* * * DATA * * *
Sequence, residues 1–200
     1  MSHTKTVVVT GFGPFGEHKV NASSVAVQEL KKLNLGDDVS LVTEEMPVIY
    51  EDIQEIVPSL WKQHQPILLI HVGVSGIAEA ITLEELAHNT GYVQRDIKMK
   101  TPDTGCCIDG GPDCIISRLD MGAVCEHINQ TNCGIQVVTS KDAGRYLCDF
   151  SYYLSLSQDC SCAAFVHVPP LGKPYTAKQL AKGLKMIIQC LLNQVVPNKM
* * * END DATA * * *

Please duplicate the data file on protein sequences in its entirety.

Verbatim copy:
Sequence, residues 1–200
     1  MSHTKTVVVT GFGPFGEHKV NASSVAVQEL KKLNLGDDVS LVTEEMPVIY
    51  EDIQEIVPSL WKQHQPILLI HVGVSGIAEA ITLEELAHNT GYVQRDIKMK
   101  TPDTGCCIDG GPDCIISRLD MGAVCEHINQ TNCGIQVVTS KDAGRYLCDF
   151  SYYLSLSQDC SCAAFVHVPP LGKPYTAKQL AKGLKMIIQC LLNQVVPNKM